10 Tips To Help You Get (And Keep) That Job!

If you’re trying out for a new position or career, business whiz Allan Leighton gives this advice on how to make a success of it…


Image: iStock

Post-40, you have a lot to offer. You’re probably more flexible now your children are older, more worldly and mature, which isn’t the same as old.

And if you’re going back into the workplace after a break or changing career, chances are you’ll have picked something to do that you’re really interested in, so you’ll be good at it.

Stay informed. Be up to date with news, opinion and who’s who. Read the papers and listen to news programmes. It’s a great way of keeping abreast with what’s going on.

Keep physically fit. Mental and physical fitness go hand in hand. Being in shape makes you feel stronger and more confident. Plus exercise is a great stress-buster. I get stressed, but I run four or five times a week and that clears it all up.

Learn to network. This may mean using social events to talk to new people. So much of business is who you know. You could also go to conferences that you’re interested in.

Why Bouncing Is The New CrossFit

If you’re in human resources, for instance, you could choose something on employment or ethnicity. If you’re in sales, find a conference on how to negotiate, perhaps. Use these events to network. Pass your card around, ask questions, and listen to other people’s ideas.

Look the part. Be aware of the way you look, speak and present yourself, but also be reassured that companies these days are more interested in your brains than your looks.

ALSO SEE: How To Dress Yourself Younger

Learn a new skill… to go alongside your work skill, such as ballroom dancing or salsa. They’re excellent disciplines and will keep you mentally agile. If you can learn to ballroom dance, putting all those skills together, you can do anything!

Value yourself. In some ways, you’re more valuable to a company now than you were at 22 or 23. You’re probably more mature, loyal and will be off sick less.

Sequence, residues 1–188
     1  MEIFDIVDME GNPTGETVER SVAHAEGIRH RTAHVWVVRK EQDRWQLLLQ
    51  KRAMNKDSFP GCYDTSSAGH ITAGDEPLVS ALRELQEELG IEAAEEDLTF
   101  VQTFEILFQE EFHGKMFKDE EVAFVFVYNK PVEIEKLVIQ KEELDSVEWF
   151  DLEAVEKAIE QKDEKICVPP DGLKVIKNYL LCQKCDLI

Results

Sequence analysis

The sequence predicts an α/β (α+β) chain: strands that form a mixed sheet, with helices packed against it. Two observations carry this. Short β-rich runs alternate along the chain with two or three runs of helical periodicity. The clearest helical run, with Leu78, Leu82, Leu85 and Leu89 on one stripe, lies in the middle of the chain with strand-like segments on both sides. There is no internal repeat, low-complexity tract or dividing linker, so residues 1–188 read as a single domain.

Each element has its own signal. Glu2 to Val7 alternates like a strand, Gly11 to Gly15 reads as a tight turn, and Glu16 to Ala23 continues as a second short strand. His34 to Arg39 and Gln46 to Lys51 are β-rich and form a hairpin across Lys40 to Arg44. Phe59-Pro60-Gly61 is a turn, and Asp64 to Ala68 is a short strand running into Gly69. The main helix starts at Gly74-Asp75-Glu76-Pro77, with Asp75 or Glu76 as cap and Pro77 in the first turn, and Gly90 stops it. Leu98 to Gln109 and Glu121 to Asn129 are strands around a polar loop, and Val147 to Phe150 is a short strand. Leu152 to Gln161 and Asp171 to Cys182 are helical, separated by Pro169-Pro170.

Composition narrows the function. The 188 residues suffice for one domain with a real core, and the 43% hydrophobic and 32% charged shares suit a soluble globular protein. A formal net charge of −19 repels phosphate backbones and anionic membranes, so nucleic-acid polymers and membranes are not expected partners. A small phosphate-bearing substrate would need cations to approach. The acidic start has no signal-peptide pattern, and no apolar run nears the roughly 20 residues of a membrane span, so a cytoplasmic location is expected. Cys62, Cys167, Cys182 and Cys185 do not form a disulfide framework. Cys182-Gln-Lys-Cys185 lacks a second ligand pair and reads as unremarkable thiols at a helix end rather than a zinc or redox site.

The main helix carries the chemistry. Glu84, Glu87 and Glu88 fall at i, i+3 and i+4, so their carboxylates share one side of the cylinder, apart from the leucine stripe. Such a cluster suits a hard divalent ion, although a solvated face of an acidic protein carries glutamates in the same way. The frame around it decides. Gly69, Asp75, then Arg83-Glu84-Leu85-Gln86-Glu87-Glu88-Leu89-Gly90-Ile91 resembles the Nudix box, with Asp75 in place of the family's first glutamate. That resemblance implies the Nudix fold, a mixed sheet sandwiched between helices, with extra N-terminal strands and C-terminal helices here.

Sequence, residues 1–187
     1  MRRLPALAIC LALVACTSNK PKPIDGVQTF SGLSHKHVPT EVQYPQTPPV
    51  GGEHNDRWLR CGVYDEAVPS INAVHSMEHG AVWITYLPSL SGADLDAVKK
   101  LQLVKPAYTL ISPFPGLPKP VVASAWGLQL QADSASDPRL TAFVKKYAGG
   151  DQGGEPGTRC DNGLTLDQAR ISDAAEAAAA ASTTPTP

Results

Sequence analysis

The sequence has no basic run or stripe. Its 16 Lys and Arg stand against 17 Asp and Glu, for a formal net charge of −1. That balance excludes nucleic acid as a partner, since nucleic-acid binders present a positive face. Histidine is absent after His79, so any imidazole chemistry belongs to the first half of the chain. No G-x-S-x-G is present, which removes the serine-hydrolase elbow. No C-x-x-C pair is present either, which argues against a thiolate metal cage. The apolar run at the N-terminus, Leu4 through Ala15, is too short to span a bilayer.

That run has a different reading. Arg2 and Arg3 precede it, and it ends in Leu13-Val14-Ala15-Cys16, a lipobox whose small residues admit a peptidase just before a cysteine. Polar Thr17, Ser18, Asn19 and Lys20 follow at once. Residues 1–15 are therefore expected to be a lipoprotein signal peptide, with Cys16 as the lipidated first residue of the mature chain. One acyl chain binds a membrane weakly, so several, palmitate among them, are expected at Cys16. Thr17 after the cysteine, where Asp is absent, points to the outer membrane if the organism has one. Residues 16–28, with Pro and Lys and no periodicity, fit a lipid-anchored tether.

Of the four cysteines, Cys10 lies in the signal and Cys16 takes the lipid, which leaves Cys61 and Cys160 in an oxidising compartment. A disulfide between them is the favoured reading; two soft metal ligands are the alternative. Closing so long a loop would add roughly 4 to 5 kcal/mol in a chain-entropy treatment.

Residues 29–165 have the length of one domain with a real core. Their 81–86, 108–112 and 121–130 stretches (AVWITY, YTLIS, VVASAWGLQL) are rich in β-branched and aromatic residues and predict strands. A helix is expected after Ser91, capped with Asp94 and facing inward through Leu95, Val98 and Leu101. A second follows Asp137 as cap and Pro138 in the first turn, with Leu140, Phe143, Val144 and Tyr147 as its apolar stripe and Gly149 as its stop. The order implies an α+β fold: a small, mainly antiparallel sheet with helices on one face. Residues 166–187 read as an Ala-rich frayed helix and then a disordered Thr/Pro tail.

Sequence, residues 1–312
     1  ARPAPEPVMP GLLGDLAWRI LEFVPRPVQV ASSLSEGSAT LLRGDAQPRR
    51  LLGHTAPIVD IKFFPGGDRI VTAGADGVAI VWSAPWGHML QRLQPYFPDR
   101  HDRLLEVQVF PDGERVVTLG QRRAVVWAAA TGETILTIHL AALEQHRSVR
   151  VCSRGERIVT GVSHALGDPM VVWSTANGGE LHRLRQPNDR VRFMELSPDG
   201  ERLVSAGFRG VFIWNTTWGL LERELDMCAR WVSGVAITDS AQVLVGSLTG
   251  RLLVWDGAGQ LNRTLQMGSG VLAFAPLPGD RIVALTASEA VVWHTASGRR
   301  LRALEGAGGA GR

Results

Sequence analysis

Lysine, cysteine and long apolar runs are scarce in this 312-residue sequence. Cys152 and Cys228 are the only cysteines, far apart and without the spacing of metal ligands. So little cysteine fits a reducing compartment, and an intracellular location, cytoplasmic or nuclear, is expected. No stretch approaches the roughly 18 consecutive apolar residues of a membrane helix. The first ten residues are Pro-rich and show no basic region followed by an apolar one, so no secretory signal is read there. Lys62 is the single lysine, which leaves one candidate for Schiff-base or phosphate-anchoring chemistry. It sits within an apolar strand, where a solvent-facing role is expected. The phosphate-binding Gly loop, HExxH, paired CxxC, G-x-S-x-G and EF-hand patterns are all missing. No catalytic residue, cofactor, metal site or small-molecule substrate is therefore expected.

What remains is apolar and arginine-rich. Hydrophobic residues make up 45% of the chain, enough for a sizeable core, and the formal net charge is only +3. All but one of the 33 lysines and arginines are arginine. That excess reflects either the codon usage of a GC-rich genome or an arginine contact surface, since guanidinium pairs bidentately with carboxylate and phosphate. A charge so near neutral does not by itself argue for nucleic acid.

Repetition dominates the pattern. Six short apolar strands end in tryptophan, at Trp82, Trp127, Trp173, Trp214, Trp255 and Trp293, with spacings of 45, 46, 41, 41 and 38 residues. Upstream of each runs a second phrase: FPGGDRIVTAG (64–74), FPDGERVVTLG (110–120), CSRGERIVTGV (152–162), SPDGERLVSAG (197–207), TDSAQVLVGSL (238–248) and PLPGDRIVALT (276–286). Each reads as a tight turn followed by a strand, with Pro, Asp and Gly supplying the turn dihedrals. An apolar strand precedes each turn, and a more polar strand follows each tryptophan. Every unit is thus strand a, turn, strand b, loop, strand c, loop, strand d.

If you’re starting out on your own, the chances are you’ve picked something you’re really interested in and you’re more likely to make it work.

Be confident, not cocky. People often think you need to be chatty and extrovert to be seen as a confident person, but confidence often comes across as being very calm instead.

Really successful female bosses exude an inner calm, as well as an innate toughness.

Plus these bosses all have the softness that women bring to the business environment, which is such a huge asset to possess.


Image: iStock

Be Internet savvy. Don’t be intimidated! Keep up to date with new technology and especially methods of communication, such as SnapChat, MySpace and YouTube.

They’re great ways of networking and make you look current. Setting up your own blog is easier than you think too.

Start small. If you’re setting up your own business start small, suck it and see.

I’ve seen so many people open a shop, for instance, who go from small to big too quickly and get themselves in trouble.

Also, do your research first. It can be done in one very intense week, but make sure you do it.

Don’t try to be something you’re not. You won’t be able to sustain that for very long and you won’t enjoy it. Above all else, be yourself.

Allan’s book On Leadership: Practical Wisdom From The People Who Know (Random House Business Books) is priced from R220 at Exclusive Books.



Send this to a friend